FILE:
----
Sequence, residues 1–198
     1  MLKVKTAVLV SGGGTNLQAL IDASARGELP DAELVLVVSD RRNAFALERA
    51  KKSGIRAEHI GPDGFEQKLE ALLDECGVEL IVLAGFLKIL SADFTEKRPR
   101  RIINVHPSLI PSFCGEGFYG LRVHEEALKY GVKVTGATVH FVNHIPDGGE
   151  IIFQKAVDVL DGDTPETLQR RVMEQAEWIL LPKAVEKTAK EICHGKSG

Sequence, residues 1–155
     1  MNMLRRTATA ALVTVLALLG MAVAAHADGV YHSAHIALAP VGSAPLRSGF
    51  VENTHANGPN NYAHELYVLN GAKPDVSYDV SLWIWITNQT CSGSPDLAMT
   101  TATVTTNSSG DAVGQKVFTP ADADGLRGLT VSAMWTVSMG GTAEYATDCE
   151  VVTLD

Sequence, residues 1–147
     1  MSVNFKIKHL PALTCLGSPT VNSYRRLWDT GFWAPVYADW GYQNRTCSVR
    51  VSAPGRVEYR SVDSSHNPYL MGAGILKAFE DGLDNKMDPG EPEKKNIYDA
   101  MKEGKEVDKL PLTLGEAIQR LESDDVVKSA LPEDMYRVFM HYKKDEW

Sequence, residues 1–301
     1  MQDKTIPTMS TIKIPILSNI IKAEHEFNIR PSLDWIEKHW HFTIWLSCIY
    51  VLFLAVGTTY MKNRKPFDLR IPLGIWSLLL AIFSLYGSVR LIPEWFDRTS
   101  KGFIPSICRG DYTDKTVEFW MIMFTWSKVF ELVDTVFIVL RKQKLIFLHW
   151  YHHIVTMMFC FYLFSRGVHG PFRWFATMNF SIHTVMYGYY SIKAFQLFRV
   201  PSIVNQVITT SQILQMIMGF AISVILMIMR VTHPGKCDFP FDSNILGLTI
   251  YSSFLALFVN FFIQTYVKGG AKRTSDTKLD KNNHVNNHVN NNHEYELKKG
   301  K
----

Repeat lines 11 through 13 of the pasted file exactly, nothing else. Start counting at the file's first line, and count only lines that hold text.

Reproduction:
Sequence, residues 1–147
     1  MSVNFKIKHL PALTCLGSPT VNSYRRLWDT GFWAPVYADW GYQNRTCSVR
    51  VSAPGRVEYR SVDSSHNPYL MGAGILKAFE DGLDNKMDPG EPEKKNIYDA